Directed Launches All New Remote Start Platform

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Directed DS4 remote start

Directed will announce at CES Thursday, an all-new digital remote start platform that includes Bluetooth.  For dealers, it eliminates the need for special tools when flashing remote starts. For consumers it allows free remote start from a phone when in close range to the car.

The new DS4 Digital System won a 2017 Innovation Award. It is a remote start/security system, interface and Bluetooth system in one.  With the DS4, installers no longer need an XKloader or Bitwriter. They can program the remote start directly from a smartphone or tablet with an auto-firmware lookup feature.  Directed will demo the feature at it booth at CES.

The new Bluetooth capability gives users free smartphone control within 100 feet of the car.  So you can remote start the car or lock and unlock doors from the phone. You also get 3X lock start from the factory keyfob without any remotes.

The DS4 lets you send diagnostic info from the car to a phone so you can see why an engine light was triggered.

Directed’s James Turner said the DS4 provides “auto-lookup of vehicle firmware, simplified installation docs, and system configuration at your fingertips. DS4 is the solution that fits any vehicle that comes your way and, with feature-rich vehicle firmware and OEM fit t-harnesses, your installation times are cut by up to 75%.”

The DS4 also has simpler connections for sensors and other devices.  All fuses and relays are now in the unit itself and not in a harness.   It supports more than 7,000 vehicles.  It also has 5 high current relays to support remote start on older vehicles.

An optional shock/tilt/temperature sensor is available.

The DS4 will be offered under the Viper, AstroStart and Automate brands.

It will be available to retailers to trial during the first quarter and will ship in early April.  Retail prices will vary with different RF packages.






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  1. That means no Python, Clifford, Autostart, etc etc.

    Hey: I can’t have Viper, Automate is gone, now your killing off the distributor brands?
    that right kill off the little guy, we didn’t help build the brands, Circuit city, and best buy will save DEI and sell billions of units like MC Donald’s!……….. Wrong!

    Its ok DEI 15 other business are making remote start units, its not like I can’t install any other brand. 27 years of doing DEI 17 in retail stores at least 15 factory training meetings.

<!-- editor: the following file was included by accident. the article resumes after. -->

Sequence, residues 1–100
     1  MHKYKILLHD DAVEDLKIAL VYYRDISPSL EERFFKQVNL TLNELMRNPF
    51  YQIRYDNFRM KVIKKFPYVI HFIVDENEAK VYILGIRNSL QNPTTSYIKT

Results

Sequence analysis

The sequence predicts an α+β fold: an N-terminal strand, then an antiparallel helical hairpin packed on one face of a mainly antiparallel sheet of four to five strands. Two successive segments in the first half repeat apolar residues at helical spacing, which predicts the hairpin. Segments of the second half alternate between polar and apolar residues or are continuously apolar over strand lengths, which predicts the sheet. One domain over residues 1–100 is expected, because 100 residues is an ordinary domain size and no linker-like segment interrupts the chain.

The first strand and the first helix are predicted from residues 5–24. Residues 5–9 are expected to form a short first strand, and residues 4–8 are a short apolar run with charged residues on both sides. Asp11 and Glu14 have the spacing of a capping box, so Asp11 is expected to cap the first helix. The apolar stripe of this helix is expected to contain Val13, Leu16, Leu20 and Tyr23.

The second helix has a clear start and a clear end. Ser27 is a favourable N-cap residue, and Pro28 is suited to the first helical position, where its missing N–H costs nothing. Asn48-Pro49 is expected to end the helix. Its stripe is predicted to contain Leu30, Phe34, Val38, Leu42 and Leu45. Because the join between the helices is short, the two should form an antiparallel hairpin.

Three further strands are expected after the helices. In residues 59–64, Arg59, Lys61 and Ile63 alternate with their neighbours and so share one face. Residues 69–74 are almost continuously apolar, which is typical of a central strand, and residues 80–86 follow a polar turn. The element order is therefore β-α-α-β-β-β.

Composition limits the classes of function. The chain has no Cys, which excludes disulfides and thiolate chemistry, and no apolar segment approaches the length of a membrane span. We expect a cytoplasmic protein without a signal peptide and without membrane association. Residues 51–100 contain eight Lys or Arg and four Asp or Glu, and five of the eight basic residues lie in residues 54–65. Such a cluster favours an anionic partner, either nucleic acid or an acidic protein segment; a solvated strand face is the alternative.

Oh and did I say I sell retail, for more then best buy? I’ve supported the brand for 27 years+- I can’t use direct tec to bid jobs You think I’ll use it to sell crime-stopper or some other brand.
    I’d rather sell a product I have for all those years my customers do not return with problems with, very often, just remotes or battery issues.
    I liked the old cases that use screws to hold them together, these snap together cases fall apart after you change a battery.
    I bought 2 Viper System’s direct from DEI on Employee discount in 2001, I still have them and have never had a problem with them, Oh I also used T-Taps to install them on my cars.
    Dealerships use T-Taps.
    Ford dealers used to use T-Taps to install Ford’s version of Code Alarm.
    Toyota Uses T-Taps at the dealership to install after factory alarms.
    T Harness work and do not require soldering.
    The biggest fail point on an install is the ground point, all ground wires run to one point.
    Wire up the harness, when your done plug in the brain, or keep out the fuses until your done with the install.

    1. Disclosure: I am speaking out of experience in Canada so some things may be different regarding distribution etc for USA.

      They actually aren’t killing off distributor brands, they are doing what they should have years ago: investing in their premium lines to differentiate them and add value. There will now be TWO premium lines that are supported nationally through warehouse distribution. If you’re a retailer and you want to sell a premium brand, you can now sell either Astro or Viper confidently over the other lines because they actually be different.